RESULTS AND DISCUSSION

Evaluation of original population

Evaluation of characteristics of fruits and plants obtained from the original population (CNPH 50.000) that came from Indian Calabrian pepper showed significant variability among individuals. Significant differences were observed through t-test (p<0.05) for characteristics fruit length, fruit diameter and wall thickness, which ranged from 6.6 to 11.6 cm, 0.76 to 1.15 cm and 0.84 to 1.39 mm, respectively. No significant differences were found for number of locules (Table 1).

Table 1 Average values of length (FL), diameter (FD), wall thickness (WT) and number of locules (NL) in pepper fruits from the original plants of Calabrian pepper fruits (CNPH 50.000). Brasília, Embrapa Vegetables, 2013. 

1Means followed by the same letter in the column do not differ signifcantly by t-test (p<0.05).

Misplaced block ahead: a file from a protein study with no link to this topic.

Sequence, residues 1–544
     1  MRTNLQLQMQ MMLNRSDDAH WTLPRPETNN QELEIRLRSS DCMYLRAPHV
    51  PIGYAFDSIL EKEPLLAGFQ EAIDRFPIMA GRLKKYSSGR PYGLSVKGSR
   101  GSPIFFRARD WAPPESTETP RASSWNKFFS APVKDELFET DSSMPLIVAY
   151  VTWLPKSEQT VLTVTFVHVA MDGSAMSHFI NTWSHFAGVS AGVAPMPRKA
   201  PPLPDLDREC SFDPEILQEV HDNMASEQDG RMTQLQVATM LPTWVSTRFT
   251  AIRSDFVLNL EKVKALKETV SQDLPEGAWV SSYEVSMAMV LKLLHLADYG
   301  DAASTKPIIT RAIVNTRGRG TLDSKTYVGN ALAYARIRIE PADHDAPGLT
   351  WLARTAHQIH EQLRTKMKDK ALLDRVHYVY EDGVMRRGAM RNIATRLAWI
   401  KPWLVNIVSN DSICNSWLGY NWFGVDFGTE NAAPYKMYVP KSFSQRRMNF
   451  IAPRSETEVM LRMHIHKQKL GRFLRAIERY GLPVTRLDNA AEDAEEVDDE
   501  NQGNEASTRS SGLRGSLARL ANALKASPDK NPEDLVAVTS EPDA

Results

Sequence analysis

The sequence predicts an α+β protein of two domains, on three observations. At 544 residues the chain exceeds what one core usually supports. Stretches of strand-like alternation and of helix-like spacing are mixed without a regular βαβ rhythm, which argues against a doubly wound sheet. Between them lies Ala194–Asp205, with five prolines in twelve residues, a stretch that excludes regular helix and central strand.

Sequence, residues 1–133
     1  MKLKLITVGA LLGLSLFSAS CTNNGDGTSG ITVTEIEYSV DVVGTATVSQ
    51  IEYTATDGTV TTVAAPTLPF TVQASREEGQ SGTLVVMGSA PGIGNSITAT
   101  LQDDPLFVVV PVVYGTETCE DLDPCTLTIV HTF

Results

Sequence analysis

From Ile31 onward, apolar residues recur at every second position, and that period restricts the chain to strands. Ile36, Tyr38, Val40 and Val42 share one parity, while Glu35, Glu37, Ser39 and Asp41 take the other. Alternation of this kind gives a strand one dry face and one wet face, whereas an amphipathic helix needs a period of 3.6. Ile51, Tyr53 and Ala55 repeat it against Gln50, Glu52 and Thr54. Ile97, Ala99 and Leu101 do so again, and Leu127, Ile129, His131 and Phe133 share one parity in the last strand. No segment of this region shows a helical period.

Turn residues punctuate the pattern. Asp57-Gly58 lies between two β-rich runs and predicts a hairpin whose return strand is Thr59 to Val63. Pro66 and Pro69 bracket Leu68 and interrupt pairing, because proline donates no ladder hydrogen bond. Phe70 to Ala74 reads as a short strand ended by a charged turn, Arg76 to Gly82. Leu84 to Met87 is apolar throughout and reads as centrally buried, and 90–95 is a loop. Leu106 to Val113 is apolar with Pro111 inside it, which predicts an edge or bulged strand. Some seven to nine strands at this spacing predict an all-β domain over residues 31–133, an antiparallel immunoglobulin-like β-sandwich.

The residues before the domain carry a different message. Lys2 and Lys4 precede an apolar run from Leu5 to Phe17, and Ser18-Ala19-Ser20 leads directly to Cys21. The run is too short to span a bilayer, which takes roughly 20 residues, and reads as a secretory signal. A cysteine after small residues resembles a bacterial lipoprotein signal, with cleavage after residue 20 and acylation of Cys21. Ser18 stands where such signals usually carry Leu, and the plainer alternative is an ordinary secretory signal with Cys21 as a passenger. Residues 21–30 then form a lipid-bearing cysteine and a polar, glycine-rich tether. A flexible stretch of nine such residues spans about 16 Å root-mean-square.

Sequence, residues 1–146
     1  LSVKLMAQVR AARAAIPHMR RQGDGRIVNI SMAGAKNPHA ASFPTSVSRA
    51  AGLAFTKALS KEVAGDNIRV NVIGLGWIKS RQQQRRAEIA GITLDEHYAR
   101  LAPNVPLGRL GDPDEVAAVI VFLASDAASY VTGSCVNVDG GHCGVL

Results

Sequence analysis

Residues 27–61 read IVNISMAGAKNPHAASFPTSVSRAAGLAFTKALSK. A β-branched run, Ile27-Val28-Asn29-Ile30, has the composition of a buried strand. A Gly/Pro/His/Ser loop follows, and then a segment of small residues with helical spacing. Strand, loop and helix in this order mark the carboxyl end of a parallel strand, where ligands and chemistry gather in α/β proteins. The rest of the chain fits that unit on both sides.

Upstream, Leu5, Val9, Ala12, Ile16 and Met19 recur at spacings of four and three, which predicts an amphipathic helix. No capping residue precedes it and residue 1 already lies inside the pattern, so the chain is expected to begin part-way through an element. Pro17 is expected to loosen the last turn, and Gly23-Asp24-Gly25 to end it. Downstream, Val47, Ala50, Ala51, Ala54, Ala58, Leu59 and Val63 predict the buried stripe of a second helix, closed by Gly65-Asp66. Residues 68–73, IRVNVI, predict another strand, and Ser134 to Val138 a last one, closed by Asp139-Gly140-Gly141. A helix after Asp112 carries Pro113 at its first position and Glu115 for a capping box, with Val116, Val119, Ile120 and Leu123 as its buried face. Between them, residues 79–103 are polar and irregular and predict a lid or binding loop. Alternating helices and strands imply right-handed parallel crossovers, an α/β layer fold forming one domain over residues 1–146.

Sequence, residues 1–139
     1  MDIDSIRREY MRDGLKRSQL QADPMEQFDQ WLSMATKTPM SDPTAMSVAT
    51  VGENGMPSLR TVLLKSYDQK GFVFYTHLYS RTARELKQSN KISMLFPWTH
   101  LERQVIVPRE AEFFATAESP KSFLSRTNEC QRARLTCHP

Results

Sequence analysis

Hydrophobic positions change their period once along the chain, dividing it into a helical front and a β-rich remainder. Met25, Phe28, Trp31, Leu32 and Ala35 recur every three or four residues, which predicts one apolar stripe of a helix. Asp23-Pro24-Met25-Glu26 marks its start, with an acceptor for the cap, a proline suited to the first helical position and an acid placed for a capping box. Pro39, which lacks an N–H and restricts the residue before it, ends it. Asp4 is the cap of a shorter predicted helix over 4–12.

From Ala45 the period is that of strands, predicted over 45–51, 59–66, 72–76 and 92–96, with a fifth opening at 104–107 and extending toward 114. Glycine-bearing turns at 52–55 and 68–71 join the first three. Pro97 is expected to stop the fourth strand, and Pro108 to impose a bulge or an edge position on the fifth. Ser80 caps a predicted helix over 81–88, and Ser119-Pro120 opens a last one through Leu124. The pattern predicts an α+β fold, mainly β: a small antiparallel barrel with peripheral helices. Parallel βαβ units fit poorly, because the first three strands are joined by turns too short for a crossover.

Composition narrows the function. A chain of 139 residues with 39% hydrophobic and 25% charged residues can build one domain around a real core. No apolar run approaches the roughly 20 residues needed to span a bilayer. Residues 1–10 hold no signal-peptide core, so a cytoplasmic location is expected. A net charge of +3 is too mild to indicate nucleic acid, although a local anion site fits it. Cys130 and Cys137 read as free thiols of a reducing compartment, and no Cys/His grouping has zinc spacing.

Presence of variability in original population is essential for selecting individuals with superior characteristics. Success in development of new cultivars is directly associated to genetic variability of the population to be improved (Cardoso, 2001; Nass, 2007; Ribeiro et al., 2008). Genus Capsicum has significant genetic variability (Inoue & Reifschneider, 1989), and among the domesticated species, C. annuum has greater diversity, whereas C. frutescens has less variability (Casali & Couto, 1984).

Evaluation of S2 lines

Significant differences among the 73 S2 lines were observed for all fruit characteristics evaluated. Values of fruit weight ranged from 2.3 to 10.9 g; fruit length ranged from 7.5 to 13.4 cm; fruit diameter ranged from 0.7 to 1.4 cm and wall thickness ranged from 0.87 to 1.98 mm. Some of these values are close to the most cultivated variety of C. annuum pepper grown in India, known as “Pusa Jwala,” which presents fruit length ranging from 7 to 13 cm, fruit width from 1 to 1.5 cm and pungency between 30,000-50,000 SHU (DeWitt & Bosland, 2009).